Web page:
There's a person out there who claims that all they need to know about business can be learned from World of Warcraft. A fine sentiment, to be sure, but I take issue with its accuracy. Today we are discussing the first of their eleven business topics: value chains – and why they don't work.
In brief, value chain analysis states that for any good requiring multiple stages of production (meaning you don't just rip it out of your backyard and eat it), value is added at each level of refinement. Therefore the price should increase along its path to becoming a finalized product.
Let's take a simple example such as apples at the grocery store. In order to get an apple in a grocery store we could break down the process into the planting of the tree, the tending of the tree, the picking of the apples, the cleaning of the apples, the storage of the apples, the shipping of the apples, and finally the unpacking and displaying of the apples for you to purchase. There are potentially different people involved in all of these stages of production and each one adds value. So what may have been a $0.05 apple seed to plant becomes an apple (one of thousands to come from this tree over its production lifetime) that costs $0.50.
Yet one of the most established money-making strategies in WoW is to take two gathering professions and sell the raw materials on the auction house, therefore netting more gold than you could get by refining the materials and selling crafted products. So we can easily see that this theory does not translate well to games. It applies while dealing with NPCs, but the auction house is another story altogether.
Say I am skilling up blacksmithing in World of Warcraft and I am trying to make a Phantom Blade (because the grind from 250 to 300 is t3h suxxor!). This requires a minimum blacksmithing level of 245, 28 Mithril bars, 6 Breath of Wind, 8 Truesilver bars, 2 Lesser Invisibility Potions, 6 Aquamarines, 4 Solid Grinding Stone, and 2 Thick Leather. On my server, at the time of writing this, the Mithril bars required for this item are selling for 29gp, Breath of Wind 35gp, Truesilver 26gp, Lesser Invisibility Potions 1gp, Aquamarines 12gp, Solid Grinding Stones 2gp, and Thick Leather 1 gp. The sword itself is estimated to be 80gp at auction - yet, according to my calculations, the materials alone are 106gp! This would yield a net loss of 26gp per sword made and sold at the market prices.
Do value chains work? It seems, based on the above example at least, that they do not. Now presenting both sides of the debate (a.k.a. arguing with myself for your amusement):
Pro: Value chains represent the perceived value of the item and that includes the convenience of getting it. After all, the apple example at the start of this article builds in shipping and display fees within the valuation. Someone had to go mine the ore and collect the gems and cloth, spend time (even if it's just the hearthing animation and loading screen) to bring the items to the market, and then there's a posting fee to actually list them on the auction house. So the cost of raw materials for these crafted goods is going to be higher than what it would cost to get them for yourself. The value of the finished product is meant to reflect the assumption that the smith has gone and mined for the materials themselves rather than purchased them from the auction house. Therefore the cost of production when measured only in gold is lower to the smith.
Con: Even when time and convenience are factored in, the price of the finalized product should be reflective of the market conditions surrounding it. Irrespective of how a particular smith goes about getting their materials, the value of raw materials should be lower than that of the completed sword to reflect the time spent by the smith skilling up to be able to make that item, gathering the materials, and crafting the final product. Yet when the time and the raw materials, and the listing cost are figured in, the sword's price does not justify making and selling it unless all you intend to get out of it is the one point of skill. And what is that worth if, in general, crafted items will not net you a profit even when making merchandise requiring 375 smithing? Certainly not 26gp per point. The ends simply do not justify the cost of the means.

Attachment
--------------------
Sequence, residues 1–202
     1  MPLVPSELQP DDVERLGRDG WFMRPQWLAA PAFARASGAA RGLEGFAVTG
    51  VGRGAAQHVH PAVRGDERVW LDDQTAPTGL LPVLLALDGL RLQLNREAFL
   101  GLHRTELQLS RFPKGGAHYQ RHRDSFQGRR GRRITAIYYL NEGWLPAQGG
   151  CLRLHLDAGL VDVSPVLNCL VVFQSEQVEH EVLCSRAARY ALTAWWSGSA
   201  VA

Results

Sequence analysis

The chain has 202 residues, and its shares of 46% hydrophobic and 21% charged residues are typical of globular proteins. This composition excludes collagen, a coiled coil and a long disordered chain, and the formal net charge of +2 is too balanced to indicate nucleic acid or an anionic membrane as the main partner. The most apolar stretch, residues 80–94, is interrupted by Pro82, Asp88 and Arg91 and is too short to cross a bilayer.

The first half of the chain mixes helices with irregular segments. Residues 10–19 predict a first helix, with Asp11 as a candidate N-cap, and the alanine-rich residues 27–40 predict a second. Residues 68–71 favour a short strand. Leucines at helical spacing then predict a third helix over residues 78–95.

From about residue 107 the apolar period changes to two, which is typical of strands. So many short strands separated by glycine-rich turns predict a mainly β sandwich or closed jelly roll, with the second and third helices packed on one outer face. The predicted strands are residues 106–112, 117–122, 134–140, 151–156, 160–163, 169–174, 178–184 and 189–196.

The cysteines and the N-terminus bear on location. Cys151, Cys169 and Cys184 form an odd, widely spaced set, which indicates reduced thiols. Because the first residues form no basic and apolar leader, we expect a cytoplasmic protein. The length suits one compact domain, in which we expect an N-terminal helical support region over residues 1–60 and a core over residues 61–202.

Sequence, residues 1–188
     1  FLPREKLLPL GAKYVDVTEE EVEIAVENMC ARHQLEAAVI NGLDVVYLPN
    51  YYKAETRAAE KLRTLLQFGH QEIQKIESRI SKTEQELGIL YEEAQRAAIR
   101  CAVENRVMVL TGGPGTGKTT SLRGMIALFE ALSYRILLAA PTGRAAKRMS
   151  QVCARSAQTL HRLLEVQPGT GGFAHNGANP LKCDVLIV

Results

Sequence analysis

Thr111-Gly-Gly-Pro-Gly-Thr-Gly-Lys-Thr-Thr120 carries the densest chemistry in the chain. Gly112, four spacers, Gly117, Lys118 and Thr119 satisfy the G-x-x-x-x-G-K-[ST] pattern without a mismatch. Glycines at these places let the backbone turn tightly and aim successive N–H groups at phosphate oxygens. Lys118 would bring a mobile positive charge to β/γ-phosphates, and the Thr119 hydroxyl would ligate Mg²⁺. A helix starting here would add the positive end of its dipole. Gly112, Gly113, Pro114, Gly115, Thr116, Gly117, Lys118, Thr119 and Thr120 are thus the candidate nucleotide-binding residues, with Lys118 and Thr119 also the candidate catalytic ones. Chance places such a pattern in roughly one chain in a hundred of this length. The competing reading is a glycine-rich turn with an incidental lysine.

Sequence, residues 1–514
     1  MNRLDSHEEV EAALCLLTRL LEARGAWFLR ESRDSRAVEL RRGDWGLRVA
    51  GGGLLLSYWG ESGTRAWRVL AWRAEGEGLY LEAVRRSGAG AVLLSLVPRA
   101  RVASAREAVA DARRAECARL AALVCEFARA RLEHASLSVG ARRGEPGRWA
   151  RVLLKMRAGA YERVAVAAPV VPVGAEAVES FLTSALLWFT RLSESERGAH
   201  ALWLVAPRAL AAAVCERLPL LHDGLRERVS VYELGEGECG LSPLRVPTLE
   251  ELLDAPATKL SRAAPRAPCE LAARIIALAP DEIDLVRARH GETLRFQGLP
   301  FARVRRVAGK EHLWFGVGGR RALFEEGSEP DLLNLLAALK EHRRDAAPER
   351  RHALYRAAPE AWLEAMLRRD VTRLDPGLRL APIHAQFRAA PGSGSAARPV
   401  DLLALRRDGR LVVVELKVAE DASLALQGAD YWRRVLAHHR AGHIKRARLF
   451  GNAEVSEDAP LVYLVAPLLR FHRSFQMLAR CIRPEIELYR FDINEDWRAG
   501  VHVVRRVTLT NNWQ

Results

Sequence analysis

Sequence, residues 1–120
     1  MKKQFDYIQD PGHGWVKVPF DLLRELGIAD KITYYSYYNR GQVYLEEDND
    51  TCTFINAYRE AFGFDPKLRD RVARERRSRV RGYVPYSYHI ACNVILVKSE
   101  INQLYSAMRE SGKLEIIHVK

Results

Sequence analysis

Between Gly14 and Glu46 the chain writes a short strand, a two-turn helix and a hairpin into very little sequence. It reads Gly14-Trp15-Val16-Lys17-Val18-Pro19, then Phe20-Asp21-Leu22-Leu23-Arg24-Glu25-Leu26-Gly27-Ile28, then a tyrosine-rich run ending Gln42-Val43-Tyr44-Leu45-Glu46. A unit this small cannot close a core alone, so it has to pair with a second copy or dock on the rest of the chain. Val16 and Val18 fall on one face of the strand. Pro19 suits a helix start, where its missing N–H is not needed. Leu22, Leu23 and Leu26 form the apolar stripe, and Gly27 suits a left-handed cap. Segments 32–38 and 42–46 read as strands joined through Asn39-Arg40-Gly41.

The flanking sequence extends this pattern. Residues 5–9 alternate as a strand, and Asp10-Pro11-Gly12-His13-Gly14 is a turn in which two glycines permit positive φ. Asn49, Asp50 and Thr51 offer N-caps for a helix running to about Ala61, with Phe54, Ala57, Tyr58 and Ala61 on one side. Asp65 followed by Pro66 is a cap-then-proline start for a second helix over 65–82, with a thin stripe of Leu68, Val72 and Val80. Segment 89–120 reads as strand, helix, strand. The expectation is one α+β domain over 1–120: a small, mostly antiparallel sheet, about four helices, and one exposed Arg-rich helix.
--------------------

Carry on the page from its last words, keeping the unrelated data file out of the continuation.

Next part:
Why is it that these two sides, both seemingly valid, exist? Because crafted items, at least in WoW, are inferior goods. The more money you have at a given level, the less likely you are to purchase a crafted item over a looted rare item, with the possible exception of potions. Let's face it, at about the same level that you could start using the Phantom Blade, you could just as soon go questing for something like the Thrash Blade instead. And if it doesn't cost you any gold and it gets some dungeon quests out of the way, thereby yielding more loot and experience, why not? So the demand for this crafted product is low. Ultima Online used to get around this by having the best armor and weapons available only by Grand Mastering blacksmithing (anyone remember crafting up to valorite plate back in the way-back days?). Once higher-level items were introduced, such as dragon scale and dungeon-only pieces, the incentive to craft was gone because the demand for the crafted goods was obliterated.
Since I was able to argue both sides, I pose the questions to you. Do you think value chains can be applied to in-game crafts? Are crafted items inferior goods?
Alexis Kassan is a numbers nerd. She spends her days with statistical programs and her nights with spreadsheets and textbooks. She's also a MMORPG addict, having gotten sucked into Ultima Online at a formative age. In her time away from work, books and games, she can usually be found drowning in pools of sprinkles. If you have a question about in-game economics or how crafting fits in with them, hit her up at alexis DOT kassan at weblogsinc DOT com.